And it doesn’t stop there either... the DC universe isn’t the only thing that gets furious referencing here as this follows the same modus operandi as The Lego Movie in that characters from a whole host of other Lego licensed franchises are also seen on screen. I was disappointed that a lot of the DC Universe characters were sidelined in this movie but it was nice to see The Superfriends mixing it up with their Justice League buddies in a party scene. It’s in this sequence that Batman and his newly acquired sidekick Dick Grayson, aka Robin (or Reggae Man... nah, you watch the film to find out) steal The Phantom Zone projector from Superman’s Fortress of Solitude so they can banish The Joker there. Of course, that’s exactly what The Joker wants and it’s here that he teams up and unleashes various Lego versions of their licensed characters (and some unlicensed, as far as I know) and teams up with them to destroy Gotham City. So yeah, we have Voldemort from Harry Potter, the Eye of Sauron from Lord Of The Rings, the Gremlins from... um... Gremlins, King Kong, the DALEKS from Doctor Who and the Wicked Witch of the West with her flying monkeys from The Wizard Of Oz, all involved in an all out attack on the brick city where Batman lives and... it’s pretty much as fun as you would expect.

There are a couple of problems. The main one being that there is so much going on in the movie, both in terms of cramming in a heck of a lot of laughs and action and also in terms of the dialogue/visual referencing that it does get a little difficult to process it at points. Some of the action sequences... especially when Batman, Robin, Batgirl and Alfred (as voiced by Ralph Fiennes) team up with all the supervillains The Joker left behind in Arkham Asylum and go head to head against the aforementioned army of evil... are a little hard to follow at certain points, to be sure. Of course, it could be argued that the choppiness, albeit often inventive action sequences, coupled with the sheer randomness of the assorted roll call of non-DC universe character mash ups are an homage to the free imagination of a child and, well, who am I to argue with that.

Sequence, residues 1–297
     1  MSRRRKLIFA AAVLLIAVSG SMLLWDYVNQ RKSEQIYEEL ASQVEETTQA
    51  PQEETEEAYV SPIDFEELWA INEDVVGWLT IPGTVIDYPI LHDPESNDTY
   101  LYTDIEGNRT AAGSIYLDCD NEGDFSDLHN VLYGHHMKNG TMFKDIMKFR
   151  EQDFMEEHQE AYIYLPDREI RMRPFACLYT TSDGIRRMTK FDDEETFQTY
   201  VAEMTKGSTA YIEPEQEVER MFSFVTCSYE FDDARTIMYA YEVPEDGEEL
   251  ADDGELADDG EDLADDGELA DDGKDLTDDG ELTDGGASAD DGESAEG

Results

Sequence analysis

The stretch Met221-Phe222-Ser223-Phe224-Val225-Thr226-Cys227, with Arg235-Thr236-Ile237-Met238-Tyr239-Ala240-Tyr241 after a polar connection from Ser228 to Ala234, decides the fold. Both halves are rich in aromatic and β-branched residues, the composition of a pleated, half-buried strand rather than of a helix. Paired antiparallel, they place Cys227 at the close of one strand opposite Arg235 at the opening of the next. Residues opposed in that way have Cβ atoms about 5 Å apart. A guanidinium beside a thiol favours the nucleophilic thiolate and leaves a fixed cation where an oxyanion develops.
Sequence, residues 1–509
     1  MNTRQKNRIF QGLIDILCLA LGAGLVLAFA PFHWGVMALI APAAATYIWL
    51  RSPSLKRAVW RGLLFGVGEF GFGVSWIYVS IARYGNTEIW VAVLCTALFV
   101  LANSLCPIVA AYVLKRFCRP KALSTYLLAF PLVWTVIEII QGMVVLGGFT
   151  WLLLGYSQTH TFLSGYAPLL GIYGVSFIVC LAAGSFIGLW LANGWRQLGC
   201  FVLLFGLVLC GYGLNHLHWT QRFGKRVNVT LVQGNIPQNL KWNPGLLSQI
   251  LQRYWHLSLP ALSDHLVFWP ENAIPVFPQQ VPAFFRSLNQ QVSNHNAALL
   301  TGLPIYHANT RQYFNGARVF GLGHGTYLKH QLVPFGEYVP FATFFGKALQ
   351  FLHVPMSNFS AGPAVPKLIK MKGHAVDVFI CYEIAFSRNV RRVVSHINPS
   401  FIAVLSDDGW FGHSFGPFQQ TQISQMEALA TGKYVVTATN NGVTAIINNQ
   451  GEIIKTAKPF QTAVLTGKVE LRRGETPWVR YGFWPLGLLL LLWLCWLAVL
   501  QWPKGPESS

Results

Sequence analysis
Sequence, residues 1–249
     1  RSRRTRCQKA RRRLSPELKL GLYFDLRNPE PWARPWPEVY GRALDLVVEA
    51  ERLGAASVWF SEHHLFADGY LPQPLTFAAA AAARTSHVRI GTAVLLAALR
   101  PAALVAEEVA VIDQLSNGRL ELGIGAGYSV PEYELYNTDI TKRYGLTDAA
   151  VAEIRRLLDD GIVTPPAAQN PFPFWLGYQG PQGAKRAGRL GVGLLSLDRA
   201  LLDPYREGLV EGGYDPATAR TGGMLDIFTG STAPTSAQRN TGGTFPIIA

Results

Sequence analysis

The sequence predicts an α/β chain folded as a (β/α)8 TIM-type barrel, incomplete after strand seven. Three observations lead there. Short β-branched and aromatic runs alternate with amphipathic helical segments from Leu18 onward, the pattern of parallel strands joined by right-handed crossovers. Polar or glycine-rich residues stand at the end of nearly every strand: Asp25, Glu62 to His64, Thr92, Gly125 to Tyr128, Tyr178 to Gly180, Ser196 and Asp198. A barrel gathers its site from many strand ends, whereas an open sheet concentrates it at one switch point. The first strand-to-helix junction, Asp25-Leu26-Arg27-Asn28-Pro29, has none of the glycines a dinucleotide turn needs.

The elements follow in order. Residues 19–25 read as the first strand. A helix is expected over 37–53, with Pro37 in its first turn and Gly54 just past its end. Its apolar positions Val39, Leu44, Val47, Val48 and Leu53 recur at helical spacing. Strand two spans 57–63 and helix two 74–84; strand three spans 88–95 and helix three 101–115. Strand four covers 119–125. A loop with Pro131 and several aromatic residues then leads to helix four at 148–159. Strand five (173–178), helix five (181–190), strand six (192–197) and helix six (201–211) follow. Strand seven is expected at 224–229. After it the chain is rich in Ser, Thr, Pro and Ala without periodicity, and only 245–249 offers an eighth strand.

Another thing that irritated me a little was Batman’s description of the un-named DALEKS as ‘British Robots’. Okay, British is fine (even though they were created on the planet Skaro) but robots they are not. If anything, they are living creatures driving personal tanks, to some extent. So wasn’t that impressed with the almost derogatory way in which they are referred, especially when they are in the movie a fair bit.

And I also found it strange and somewhat disappointing that in a movie which has Ralph Fiennes doing one of the voices, he wasn’t also asked to voice his recurring Harry Potter villain Lord Voldemort, since he plays a big part here, instead choosing to have Voldemort voiced by Eddie Izzard instead. Don’t know what they were thinking there, to be honest.

However, these are all pretty minor things and it’s a quite fun movie most of the time. Like a lot of these kinds of films these days it also pitches its humour on two parallel levels. You’ve got all the slapstick and stuff for the kids but there’s also an adult level hidden but quite easily decryptable in the movie too... so if you’re an intelligent member of the 'grown ups' race (and not just a man-child like me) then you have something which you can hook into too.

And that’s about it for The Lego Batman Movie. Oh, apart from a quick shout out to Lorne Balfe who provides an excellent, Batman-esque score for the proceedings (the CD is in the mail) and a quick note to say that Billy Dee Williams finally gets to reprise his role of Harvey Dent (aka Two Face) from the 1989 Batman movie, albeit briefly. Other than that though, The Batman Lego Movie is not full of interesting shot set ups or mind-blowing visuals but it does have a huge sense of fun and, like the previous movie, a whole brickload of heart. This is almost certainly going to be more interesting than any other Batman related movie released this year (I’m just guessing here but we’ll see if I’m right) and it’s definitely worth a look... especially if you know your comic book history and like spotting all the references. There’s a lot here to hold your interest.